the wall occurs once a year for regulatory permitting purposes.

An additional assessment of the wall is currently being conducted exploring
approaches to enhance performance.

Lessons Learned

The following are among lessons learned in this PRB installation:

  1. Detailed hydrogeologic characterization is required when designing PRBs. Sufficient pre-characterization for one type of containment system may not be sufficient for another.

  2. For sites where pump and treat had already been occurring, sufficient time must be allowed for the ground-water flow system and more importantly the contaminant plume to return to ambient non-pumping conditions.

  3. Installation of the continuous PRB did cause a redistribution of heads and a partial change in plume direction. The wall acted somewhat like an equalization tank redistributing heads. Flow gradient into the north end of the wall was about 4 times higher than at the south end. As a result, some of the ground-water flow at the south end was redistributed around the wall.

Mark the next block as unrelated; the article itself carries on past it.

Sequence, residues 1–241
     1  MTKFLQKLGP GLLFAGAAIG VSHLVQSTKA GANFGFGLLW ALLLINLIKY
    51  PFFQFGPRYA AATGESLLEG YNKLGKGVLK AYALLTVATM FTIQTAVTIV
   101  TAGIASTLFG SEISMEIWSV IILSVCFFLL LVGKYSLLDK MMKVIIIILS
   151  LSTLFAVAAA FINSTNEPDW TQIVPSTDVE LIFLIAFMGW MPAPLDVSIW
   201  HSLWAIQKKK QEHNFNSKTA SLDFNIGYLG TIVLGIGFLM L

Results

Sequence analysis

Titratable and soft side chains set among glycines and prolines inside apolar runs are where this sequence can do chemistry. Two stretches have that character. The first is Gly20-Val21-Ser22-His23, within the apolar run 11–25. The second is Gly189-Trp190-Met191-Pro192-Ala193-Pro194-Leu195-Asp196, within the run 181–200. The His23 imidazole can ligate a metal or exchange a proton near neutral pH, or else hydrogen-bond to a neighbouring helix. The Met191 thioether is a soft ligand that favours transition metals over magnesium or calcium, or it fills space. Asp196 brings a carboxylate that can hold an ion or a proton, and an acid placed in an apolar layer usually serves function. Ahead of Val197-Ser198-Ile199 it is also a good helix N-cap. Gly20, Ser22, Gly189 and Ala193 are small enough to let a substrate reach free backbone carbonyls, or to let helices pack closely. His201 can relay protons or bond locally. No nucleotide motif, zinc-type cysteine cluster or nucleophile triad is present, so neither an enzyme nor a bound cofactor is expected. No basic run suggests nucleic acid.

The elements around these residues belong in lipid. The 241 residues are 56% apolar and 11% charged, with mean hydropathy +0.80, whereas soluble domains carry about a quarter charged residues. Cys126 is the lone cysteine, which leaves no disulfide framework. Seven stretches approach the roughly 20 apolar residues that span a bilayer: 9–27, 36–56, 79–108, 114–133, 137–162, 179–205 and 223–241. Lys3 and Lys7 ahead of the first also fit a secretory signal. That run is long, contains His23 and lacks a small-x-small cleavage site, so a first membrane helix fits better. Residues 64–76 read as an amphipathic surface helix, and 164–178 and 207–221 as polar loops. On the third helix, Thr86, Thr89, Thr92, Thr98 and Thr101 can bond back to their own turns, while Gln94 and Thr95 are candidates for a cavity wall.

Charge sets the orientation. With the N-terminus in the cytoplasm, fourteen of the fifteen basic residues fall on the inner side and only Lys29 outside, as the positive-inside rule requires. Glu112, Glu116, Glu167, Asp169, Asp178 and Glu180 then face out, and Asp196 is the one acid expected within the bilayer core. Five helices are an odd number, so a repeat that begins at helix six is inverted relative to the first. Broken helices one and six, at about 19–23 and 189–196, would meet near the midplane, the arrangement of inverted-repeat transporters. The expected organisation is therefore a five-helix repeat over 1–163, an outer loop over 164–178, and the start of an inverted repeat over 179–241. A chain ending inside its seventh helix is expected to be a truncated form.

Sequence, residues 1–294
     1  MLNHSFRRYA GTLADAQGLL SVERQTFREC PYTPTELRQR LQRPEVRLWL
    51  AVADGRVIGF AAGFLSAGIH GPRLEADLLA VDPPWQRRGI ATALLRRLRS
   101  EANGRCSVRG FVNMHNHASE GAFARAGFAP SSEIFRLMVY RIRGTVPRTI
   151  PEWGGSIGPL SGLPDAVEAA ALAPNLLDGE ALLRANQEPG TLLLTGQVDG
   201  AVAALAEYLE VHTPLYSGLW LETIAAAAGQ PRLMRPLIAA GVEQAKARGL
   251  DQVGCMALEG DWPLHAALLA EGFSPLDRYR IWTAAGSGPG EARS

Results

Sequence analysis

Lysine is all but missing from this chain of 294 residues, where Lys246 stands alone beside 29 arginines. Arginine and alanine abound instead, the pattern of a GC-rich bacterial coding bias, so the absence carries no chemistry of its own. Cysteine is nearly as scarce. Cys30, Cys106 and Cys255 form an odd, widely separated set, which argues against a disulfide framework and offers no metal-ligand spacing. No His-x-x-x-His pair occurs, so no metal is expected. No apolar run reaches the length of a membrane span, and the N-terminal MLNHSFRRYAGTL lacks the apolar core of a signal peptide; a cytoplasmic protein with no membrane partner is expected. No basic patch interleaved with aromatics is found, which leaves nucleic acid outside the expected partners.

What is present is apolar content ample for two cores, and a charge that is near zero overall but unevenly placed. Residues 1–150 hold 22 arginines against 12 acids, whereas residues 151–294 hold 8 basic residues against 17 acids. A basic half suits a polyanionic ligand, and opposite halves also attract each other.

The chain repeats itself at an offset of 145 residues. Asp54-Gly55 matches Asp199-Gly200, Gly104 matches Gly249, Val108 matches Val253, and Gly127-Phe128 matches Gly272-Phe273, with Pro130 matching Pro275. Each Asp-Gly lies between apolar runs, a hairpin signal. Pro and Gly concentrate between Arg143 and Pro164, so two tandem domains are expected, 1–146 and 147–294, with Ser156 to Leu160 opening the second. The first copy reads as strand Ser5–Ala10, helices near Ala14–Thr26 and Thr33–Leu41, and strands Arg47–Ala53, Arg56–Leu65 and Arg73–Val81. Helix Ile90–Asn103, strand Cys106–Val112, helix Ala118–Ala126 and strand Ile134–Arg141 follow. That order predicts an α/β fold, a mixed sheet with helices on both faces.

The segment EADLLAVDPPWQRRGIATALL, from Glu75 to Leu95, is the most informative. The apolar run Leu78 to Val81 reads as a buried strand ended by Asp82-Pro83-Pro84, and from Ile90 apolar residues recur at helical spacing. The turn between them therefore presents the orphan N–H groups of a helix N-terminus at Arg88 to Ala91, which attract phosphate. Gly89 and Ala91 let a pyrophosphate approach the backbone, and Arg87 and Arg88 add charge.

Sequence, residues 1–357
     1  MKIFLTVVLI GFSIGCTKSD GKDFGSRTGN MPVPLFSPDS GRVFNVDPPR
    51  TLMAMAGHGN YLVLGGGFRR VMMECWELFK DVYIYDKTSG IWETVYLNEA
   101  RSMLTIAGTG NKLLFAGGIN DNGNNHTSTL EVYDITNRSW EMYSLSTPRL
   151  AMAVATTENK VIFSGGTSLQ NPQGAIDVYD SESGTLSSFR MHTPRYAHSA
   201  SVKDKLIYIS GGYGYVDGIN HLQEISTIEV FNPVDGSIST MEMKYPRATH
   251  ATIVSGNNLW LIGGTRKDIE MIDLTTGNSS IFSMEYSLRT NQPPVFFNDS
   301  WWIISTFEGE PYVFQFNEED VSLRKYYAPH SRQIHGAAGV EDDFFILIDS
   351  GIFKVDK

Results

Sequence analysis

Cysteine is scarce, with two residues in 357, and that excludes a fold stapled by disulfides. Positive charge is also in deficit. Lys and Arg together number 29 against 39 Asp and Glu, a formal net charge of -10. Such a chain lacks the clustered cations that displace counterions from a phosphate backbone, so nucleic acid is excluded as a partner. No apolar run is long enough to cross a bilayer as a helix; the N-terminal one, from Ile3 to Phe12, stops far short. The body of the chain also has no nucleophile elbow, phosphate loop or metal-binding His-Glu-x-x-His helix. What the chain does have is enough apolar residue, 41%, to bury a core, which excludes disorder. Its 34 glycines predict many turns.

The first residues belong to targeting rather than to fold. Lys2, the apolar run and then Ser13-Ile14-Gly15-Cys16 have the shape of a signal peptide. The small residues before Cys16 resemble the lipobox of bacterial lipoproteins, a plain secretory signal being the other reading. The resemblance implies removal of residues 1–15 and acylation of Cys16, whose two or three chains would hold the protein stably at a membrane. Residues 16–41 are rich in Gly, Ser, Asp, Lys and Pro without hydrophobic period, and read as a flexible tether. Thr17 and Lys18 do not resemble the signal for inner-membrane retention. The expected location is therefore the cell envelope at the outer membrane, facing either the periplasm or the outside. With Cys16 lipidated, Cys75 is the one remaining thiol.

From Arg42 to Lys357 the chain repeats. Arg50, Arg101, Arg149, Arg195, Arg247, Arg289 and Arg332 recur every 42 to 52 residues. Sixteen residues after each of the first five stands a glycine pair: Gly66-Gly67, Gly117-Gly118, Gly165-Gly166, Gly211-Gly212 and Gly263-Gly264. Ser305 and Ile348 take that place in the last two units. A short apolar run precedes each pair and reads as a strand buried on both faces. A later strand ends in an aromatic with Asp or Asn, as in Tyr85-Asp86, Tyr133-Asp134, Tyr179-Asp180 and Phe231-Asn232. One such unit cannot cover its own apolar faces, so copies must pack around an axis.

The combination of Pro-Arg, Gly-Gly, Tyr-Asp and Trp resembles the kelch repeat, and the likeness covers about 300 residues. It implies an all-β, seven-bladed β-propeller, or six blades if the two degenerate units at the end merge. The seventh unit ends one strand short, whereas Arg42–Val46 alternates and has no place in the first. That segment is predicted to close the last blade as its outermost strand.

The cost and time required for constructing a continuous permeable reactive wall was estimated to be less than for constructing a series of impermeable wall and gate sections. The continuous wall was expected to be constructed with a one-pass deep trenching machine. However, the contractor had difficulties with the machine, which may have been due to the heavy, wet clay. The problems encountered resulted in utilization of conventional sheet pile construction of the permeable wall. This should actually benefit the long-term performance. For example, there was better opportunity during the installation process to verify intimate contact of iron placement with the bedrock surface; additional wall was created by the use of "Z" piles; and uniform, continuous placement of iron was visually verified.


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Date Last Modified: May 24, 2001